Students and faculty have been protesting a lot lately, and the board of governors has given them quite a lot to protest about.
Only a week after hiring Margaret Spellings, the UNC Board of Governors increased the salaries of some chancellors throughout the system in a closed session, according to the News & Observer.
Even for a board which has distinguished itself for deplorable behavior, this was just too brazen. So some members of the faculty and some students have begun to raise their voices.
The faculty members who stood up last week on Sanford Mall should be commended for their courage. In the last fews years, hostile activity by the board has been shown to create a chilling effect among faculty members.
A New Yorker piece from March detailed how some professors in the UNC system resorted to private communications, rather than university networks, for fear that critical communications would be punished.
Add into the mix the non-tenure track faculty whose lack of job security makes them especially vulnerable, and it’s easy to see why speaking out can be difficult for many faculty members.
Then there are the students, some of whom have gone beyond just protesting to articulating meaningful steps for reform on a host of relevant issues.
Student and faculty activism is encouraging and we should hope for more of it. But there is another group on this campus who needs to speak out: administrators, particularly the chancellor.
Last week, protesters characterized the raises to chancellors as bribes, and this is completely accurate.
By giving executives a raise at a time of high tension in system, the board is working hard to keep the status quo in place by making chancellors comfortable in their current positions.
Then, there is also the other implication. What if a chancellor steps too far out of line? What punishments would be in store?
All of this sounds fearful and paranoid, and it is. Sadly, that is what we are dealing with right now. After all, Tom Ross, the highest ranking executive in the entire system, was taken down for blatantly political reasons.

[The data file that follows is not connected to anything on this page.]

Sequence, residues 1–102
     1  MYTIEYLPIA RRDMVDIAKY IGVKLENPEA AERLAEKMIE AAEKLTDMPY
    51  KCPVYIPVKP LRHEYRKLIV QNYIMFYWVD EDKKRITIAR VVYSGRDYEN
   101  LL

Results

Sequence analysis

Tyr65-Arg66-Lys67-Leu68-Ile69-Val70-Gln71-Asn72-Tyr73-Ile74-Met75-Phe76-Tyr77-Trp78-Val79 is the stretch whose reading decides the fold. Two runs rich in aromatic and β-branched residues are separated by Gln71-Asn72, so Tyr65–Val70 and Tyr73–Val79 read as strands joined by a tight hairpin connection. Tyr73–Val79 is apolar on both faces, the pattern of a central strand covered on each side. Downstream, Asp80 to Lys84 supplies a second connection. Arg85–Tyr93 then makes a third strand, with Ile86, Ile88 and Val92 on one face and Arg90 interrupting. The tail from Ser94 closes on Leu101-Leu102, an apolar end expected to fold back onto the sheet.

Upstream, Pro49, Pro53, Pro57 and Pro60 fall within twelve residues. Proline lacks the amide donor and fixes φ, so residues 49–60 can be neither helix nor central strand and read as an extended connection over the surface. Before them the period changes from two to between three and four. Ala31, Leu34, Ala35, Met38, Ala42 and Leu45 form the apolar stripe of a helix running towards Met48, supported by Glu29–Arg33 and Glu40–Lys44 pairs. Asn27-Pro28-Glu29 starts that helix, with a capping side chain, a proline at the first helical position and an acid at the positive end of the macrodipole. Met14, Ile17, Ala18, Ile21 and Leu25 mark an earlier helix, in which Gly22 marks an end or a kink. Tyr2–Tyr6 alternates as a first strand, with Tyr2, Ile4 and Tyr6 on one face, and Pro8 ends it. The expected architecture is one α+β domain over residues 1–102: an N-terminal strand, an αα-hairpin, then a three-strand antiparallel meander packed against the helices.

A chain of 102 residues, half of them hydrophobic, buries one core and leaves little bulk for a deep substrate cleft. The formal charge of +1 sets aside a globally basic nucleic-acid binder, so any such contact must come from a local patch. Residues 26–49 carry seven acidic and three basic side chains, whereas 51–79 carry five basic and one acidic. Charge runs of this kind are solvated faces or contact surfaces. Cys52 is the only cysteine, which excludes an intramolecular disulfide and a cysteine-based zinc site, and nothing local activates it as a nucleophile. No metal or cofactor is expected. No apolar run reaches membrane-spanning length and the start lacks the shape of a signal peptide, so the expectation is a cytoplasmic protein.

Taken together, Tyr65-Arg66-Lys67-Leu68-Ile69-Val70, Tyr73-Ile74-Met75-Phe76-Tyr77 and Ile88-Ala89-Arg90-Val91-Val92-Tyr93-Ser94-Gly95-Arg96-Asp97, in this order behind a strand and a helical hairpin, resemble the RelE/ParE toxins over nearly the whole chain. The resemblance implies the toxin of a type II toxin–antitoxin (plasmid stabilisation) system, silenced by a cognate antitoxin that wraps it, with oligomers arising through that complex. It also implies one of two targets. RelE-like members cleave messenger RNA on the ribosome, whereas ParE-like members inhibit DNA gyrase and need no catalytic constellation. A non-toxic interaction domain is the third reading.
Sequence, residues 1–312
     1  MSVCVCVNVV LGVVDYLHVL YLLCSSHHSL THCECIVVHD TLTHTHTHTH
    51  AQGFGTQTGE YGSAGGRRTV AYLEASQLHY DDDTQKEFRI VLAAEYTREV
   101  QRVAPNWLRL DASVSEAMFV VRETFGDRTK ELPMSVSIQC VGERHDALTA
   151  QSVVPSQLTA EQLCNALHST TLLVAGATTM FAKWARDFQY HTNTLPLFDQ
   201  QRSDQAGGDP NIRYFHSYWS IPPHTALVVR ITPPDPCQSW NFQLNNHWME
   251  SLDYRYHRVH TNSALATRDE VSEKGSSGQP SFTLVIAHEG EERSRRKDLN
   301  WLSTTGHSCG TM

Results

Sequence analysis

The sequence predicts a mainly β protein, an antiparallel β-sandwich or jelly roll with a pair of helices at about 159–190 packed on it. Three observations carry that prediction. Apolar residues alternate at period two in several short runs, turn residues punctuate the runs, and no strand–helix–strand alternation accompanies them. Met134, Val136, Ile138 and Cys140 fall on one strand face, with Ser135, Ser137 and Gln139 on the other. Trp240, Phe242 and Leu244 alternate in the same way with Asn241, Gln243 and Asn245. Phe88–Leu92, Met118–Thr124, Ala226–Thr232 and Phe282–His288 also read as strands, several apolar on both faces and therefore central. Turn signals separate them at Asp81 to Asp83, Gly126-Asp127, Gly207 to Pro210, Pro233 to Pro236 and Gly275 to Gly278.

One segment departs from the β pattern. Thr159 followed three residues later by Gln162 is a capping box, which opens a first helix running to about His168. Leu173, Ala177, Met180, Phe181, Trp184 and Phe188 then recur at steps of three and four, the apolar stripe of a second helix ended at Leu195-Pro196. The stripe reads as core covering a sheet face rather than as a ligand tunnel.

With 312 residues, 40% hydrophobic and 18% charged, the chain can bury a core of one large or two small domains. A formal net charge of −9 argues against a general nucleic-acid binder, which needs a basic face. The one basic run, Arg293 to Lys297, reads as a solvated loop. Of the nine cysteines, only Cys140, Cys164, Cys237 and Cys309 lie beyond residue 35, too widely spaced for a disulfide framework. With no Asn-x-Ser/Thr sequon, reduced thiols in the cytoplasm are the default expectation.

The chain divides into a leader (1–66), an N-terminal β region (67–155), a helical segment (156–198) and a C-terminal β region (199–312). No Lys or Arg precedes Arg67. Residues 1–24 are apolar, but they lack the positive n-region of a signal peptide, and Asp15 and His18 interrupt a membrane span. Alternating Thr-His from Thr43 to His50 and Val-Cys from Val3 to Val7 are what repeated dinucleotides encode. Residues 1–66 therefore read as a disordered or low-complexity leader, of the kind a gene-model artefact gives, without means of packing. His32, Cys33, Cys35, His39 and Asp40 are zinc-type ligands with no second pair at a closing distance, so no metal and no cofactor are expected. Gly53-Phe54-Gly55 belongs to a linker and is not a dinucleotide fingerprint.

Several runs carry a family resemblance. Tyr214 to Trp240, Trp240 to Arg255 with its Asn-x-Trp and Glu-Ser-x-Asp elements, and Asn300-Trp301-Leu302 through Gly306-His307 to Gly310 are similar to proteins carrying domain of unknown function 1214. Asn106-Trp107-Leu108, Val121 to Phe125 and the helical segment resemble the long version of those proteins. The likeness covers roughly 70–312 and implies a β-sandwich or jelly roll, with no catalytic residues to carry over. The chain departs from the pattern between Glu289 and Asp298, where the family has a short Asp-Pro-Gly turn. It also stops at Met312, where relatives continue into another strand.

Unquestionably, that makes things incredibly difficult for Chancellor Everts. There is a great deal of pressure on her and other administrators from higher-ups in the state.
Yet, this is a critical moment for higher education in this state. This requires courage, and we should expect that from our chancellor.
What we need is clear communication from the chancellor about where she stands on the critical issue for higher education. What plans does she have for change on our own campus, and what types of proposals is she willing to advocate for within the system?
There are already a number of proposals from a number of campus group on different areas of change. We have the Student Power proposals and a report from the non-tenure track faculty committee, among others, which outline recommendations.
If changes to parking on a class day can justify a campus-wide email, then so can email outlining the administration’s plan for non-tenure track faculty.
The climate of fear and anxiety that exists in the system right now must end. And it is the job of everyone at this university, from the students all the way to the chancellor, to make it clear that this is unacceptable.
Griffin, a senior journalism major from Madison, is an opinion writer.